As one issue after another got address and resolved, the talk natural wound down and split off on tangents. I sat back and felt accomplished. I realized that I was really looking forward to this year after feeling so burnt out and drained from the year before.

People began to head out after a long day of fighting, eating and catching up. Several of them stopped and let me know that they had been feeling pretty down about the game before the event and now they were feeling incredibly positive and optimistic  Like me, just coming out and reaffirming what we wanted our community to be had rekindled their love of it.

For the first time in a very long time, I felt like I had done my job as the game's leader. For the first time in a long time, I felt like I was living up to that mantle.

Even better, players were feeling like they had found something they had lost and remembered how much the loved and missed it when it was gone.

To me, that is the point of all of this.

LARP culture is an amazing place that can help boys and girls become men and women, or more. Knights and Wizards! Or Orcs and Trolls if that's what they're into. We as a community and as a culture can help children grow in a positive, amazing environment.

Then, in my excitement and with the encouragement and feedback of the people watching the video of my speech on Facebook, I posted a link on the LARP subreddit and was reminded that our culture can have a downside. There is an natural draw to games that allow you to fight, plot and scheme. It is a creative outlet for people that are aggressive and confrontational. That's a wonderful amazing thing, as long as it is directed into the positive atmosphere of a boffer field or an intense role play.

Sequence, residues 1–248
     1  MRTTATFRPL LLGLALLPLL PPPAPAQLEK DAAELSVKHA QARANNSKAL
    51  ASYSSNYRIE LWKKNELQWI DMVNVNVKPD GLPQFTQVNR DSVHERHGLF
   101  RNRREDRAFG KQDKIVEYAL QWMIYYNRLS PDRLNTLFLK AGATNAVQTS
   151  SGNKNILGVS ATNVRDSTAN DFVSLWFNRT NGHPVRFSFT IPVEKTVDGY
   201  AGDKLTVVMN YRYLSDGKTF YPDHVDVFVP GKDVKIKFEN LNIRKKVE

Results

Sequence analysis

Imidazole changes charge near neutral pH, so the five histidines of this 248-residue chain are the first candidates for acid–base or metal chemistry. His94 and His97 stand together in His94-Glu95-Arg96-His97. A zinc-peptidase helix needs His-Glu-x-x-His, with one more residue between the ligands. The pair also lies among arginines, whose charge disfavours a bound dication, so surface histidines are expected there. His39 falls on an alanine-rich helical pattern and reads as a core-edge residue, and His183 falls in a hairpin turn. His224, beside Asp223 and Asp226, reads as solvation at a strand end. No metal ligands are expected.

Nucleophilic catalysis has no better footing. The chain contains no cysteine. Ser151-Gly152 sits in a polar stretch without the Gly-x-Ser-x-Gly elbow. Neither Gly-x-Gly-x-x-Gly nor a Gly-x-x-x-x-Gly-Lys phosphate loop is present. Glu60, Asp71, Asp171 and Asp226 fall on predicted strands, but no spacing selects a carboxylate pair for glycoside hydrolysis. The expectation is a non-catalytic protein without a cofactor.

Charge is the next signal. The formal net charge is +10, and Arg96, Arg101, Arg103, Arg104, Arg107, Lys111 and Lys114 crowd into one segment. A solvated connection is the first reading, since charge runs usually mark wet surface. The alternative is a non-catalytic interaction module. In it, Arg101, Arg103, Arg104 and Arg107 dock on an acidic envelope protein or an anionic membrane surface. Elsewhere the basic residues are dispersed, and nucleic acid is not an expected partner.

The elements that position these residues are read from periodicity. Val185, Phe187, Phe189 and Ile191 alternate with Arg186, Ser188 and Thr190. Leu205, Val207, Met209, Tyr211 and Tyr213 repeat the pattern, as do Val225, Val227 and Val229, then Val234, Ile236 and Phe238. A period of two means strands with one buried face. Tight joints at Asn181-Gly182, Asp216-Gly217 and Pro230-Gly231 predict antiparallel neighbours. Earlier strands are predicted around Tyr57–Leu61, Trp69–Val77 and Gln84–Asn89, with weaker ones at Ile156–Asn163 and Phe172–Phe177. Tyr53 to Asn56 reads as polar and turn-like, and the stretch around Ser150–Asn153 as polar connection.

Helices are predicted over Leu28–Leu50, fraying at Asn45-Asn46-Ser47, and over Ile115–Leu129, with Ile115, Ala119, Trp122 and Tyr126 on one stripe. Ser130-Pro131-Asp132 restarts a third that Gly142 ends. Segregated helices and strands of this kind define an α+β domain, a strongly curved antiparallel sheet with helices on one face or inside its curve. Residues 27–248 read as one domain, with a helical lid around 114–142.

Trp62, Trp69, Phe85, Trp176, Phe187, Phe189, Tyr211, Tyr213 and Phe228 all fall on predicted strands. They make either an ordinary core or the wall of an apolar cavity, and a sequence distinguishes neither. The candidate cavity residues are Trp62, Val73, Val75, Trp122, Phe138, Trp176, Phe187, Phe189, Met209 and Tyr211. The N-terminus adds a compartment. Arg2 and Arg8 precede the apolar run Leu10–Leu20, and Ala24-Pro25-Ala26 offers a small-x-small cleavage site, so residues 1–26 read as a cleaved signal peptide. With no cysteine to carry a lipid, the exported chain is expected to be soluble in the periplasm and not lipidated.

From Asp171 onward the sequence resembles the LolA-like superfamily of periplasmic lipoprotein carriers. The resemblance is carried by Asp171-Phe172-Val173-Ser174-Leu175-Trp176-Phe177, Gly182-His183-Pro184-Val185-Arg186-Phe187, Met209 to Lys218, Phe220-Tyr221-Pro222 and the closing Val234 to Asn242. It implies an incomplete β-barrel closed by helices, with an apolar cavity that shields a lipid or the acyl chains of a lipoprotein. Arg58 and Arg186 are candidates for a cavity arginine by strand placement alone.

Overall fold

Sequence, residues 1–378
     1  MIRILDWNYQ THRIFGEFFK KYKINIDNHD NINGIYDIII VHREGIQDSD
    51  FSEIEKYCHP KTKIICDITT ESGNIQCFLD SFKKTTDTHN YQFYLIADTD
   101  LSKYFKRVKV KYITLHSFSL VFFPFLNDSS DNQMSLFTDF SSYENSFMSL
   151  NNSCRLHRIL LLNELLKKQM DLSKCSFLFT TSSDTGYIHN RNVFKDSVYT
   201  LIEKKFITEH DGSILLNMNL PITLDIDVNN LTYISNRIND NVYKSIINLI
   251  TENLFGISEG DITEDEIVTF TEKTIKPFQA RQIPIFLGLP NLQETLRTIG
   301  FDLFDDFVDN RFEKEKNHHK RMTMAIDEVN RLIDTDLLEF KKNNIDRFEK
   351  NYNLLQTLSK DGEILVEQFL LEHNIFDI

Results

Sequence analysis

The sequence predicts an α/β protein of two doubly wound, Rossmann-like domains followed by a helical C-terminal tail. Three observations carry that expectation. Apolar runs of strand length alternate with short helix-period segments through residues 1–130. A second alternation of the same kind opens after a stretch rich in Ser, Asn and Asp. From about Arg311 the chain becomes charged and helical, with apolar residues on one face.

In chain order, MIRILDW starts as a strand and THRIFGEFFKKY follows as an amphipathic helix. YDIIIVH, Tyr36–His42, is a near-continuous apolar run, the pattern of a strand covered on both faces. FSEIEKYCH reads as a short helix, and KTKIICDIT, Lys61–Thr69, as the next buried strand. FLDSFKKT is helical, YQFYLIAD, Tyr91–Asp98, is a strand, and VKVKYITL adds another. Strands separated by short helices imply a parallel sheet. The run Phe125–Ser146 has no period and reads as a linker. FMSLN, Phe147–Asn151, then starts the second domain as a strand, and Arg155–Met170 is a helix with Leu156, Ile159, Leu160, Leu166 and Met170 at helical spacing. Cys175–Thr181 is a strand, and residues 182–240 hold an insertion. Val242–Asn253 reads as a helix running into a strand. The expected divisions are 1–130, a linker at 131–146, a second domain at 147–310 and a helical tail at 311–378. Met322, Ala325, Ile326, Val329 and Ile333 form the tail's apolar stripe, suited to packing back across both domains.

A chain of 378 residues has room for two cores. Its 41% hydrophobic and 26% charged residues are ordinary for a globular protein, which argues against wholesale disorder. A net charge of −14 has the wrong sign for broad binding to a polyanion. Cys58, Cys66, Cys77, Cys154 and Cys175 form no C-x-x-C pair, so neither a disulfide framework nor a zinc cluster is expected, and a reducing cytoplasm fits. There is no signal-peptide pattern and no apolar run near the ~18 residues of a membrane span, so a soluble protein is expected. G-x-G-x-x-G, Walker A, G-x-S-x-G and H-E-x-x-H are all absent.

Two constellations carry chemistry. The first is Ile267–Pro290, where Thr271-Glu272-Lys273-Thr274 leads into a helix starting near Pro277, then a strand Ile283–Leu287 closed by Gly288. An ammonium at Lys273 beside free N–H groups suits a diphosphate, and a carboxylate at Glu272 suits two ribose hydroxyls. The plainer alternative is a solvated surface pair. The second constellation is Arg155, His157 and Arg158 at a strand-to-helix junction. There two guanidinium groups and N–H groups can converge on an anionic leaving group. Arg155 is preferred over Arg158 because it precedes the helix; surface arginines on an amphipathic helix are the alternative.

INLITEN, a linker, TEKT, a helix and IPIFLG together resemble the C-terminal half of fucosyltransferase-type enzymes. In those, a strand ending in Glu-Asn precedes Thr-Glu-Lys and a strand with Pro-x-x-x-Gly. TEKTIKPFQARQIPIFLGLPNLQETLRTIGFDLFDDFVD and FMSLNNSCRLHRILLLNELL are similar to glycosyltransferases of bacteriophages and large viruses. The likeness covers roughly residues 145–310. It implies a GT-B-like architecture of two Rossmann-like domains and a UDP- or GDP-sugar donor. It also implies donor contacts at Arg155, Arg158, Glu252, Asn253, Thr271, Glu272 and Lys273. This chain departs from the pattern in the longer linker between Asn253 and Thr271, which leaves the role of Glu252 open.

Where it gets damaging is when we allow those things to carry over into the mundane side of our games and community. Where a rivalry between two fighting companies makes for some intense, fun, and epic battles on the pitch, a rivalry between games or players becomes a dirty mockery of the values we should be embracing. Manipulating court politics can be an exciting way of getting involved in a story. Obsessing over game politics is a destructive waste of time.

I love Eldaraenth. It is the game for me. I love what I get from it as a game and what I get from the community I play with.

It is not better or worse than other games. It is different than other games. For me, that difference is mostly in who I play with and how we play, not what we play.

I feel like the greatest crime in LARP culture is the inherent rivalry that grows between games and the resentment that players harbor for one another. Those are the truly poisonous parts of our culture that we should all, regardless of game, genre, location, or tusk count should work to eliminate in favor of creating a more positive community all around.

We all have parts of our community that we can improve. I'm certain that even with a dedicated group working through every problem they could think of, we're still going to have some massive holes in our strategies. All of us, and I mean all LARPers, need to share and help one another.

What are some of the issues that you've seen in your game?
How did your game address them?
What is your State of the Game?

I'd love to hear from all of you on this. Together, we can all build a better LARPer.